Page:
2. Moderately Mature. Most employees are cognizant of basic cybersecurity procedures and risks. The organization has some anti-intrusion measures, such as perimeter firewalls, routine software vulnerability patch scheduling, and intrusion detection systems (IDSs). IT security teams are small in size or have limited resources. Post-attack recovery strategies may still be in development, such as rudimentary data backup to preserve the company’s most critical information assets.

  3. Low Maturity. Here, few—if any—employees have training in dealing with cybersecurity threats. If there are any cybersecurity policies in place, they’re not well-known to employees. IT security measures are very basic—limited to things like basic antivirus programs on individual computers. There may not be any personnel dedicated to managing cybersecurity in the organization, and little to no resources for recovering from an attack.

The closer an organization is to the “low maturity” end of the scale, the more at risk they are of not only getting attacked successfully, but of suffering extreme loss because of such attacks. Unfortunately, all too many businesses are at the “low maturity” end of the spectrum.

While the idea is to shoot for the “highly mature” level of security, not all organizations can easily afford the resources such a level of cybersecurity often demands—at least, not if they do everything internally. Many organizations can benefit from at least reaching for the “moderately mature” level to thwart the most common attack strategies and meet their respective industry’s regulatory compliance standards.

4) Building an IT Security Team

Any successful cybersecurity program will need personnel to implement and oversee it. This is where building an IT security team becomes necessary.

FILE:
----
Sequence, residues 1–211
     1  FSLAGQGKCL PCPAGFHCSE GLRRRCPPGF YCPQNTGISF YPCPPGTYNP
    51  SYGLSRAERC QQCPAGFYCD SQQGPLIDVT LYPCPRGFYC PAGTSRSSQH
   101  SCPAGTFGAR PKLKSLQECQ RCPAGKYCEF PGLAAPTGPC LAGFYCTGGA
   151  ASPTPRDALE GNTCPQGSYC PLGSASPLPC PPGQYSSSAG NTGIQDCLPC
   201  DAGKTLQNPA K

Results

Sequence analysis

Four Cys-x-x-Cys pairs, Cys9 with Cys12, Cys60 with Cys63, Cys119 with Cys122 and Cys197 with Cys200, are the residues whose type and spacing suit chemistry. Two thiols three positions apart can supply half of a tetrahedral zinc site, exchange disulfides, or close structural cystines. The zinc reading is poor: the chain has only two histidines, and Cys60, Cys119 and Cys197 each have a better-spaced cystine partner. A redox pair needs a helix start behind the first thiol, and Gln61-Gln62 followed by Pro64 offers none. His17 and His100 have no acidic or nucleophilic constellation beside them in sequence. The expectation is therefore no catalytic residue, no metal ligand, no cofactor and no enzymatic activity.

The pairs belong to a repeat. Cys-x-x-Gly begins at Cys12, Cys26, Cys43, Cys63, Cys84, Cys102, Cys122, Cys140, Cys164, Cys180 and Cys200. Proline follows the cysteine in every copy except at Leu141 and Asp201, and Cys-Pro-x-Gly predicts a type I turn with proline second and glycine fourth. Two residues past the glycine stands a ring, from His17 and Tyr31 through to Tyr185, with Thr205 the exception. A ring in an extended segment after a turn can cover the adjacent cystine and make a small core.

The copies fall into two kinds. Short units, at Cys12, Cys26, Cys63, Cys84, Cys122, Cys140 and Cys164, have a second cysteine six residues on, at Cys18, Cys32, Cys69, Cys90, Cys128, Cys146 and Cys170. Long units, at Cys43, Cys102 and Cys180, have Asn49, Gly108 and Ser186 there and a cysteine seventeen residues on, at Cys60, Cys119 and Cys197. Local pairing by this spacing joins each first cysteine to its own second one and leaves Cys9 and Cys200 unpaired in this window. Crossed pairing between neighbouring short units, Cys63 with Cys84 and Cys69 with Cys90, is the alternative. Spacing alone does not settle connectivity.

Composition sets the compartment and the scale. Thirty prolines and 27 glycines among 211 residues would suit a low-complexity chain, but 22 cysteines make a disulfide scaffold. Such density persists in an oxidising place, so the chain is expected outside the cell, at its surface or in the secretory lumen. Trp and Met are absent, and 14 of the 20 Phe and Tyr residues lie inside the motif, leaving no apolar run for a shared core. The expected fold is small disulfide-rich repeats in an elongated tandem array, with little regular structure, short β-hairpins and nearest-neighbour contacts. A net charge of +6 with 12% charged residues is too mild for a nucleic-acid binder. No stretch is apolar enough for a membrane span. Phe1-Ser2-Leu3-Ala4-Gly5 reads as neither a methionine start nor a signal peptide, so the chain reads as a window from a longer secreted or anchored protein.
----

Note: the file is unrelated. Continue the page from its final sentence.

Having a dedicated team of professionals to oversee the implementation of your security strategy and to enforce security rules can do wonders for ensuring that your employees understand and follow your company’s security policies. Additionally, your security team can help you identify and resolve intrusion attempts to minimize the risk that your company’s data will be lost or corrupted.

However, building a large team of cybersecurity experts can be incredibly time-consuming and expensive. It isn’t uncommon for an experienced security pro to have an annual salary that exceeds $100,000/year, and you’ll need multiple such people to create a robust security team to tackle the threats that your business faces 24/7.

When building your security team, consider the following:

  • How Large Does My Team Have to Be? Not every business needs a staff of dozens of cybersecurity experts. Consider both your organization’s size and the strictness of the industry regulations you face (such as HIPAA or PCI). Smaller businesses with less strenuous regulatory burdens can benefit from using smaller teams. However, larger businesses with more assets to manage and stricter regulations may need a bigger team.

  • What Specific Skills Does My Team Require? Not all cybersecurity experts are created equal. There are a few different specializations within the cybersecurity industry, and you’ll want to make sure that the personnel you add to your security team have the right skills to match your needs—whether those skills are with a particular type of security tool or in dealing with specific kinds of cyber threats.

  • What Resources Can I Provide My Security Team? They may say that “it’s a poor craftsman who blames his tools,” but you can’t exactly give a sculptor a toothpick and expect them to make Mt. Rushmore. When forming your cybersecurity team, consider what tools and information you’re able to provide them with, and what they’ll need to get the job done. The more resources you can supply to your cybersecurity team, the more effective they can be.

There is a way to simplify the process of building your IT security team. Rather than building your team out internally, you can use a managed security provider to get the services of a full-sized team for a fraction of the cost of hiring internally.

In this case, you’ll still need to provide information and resources, but it will be far easier and less costly. Plus, if there are any glaring gaps or omissions in your security program development, an experienced cybersecurity services provider can usually spot them and notify you of how to best fix such gaps.

The tips listed above can all be critical components of your cybersecurity program development. However, cybersecurity is a massively complex issue, and the above points only cover a fraction of the things that go into protecting your business online.

If you need any help building your cybersecurity program for your business, please contact us today! You don’t have to go through all of the setup to protect your business alone!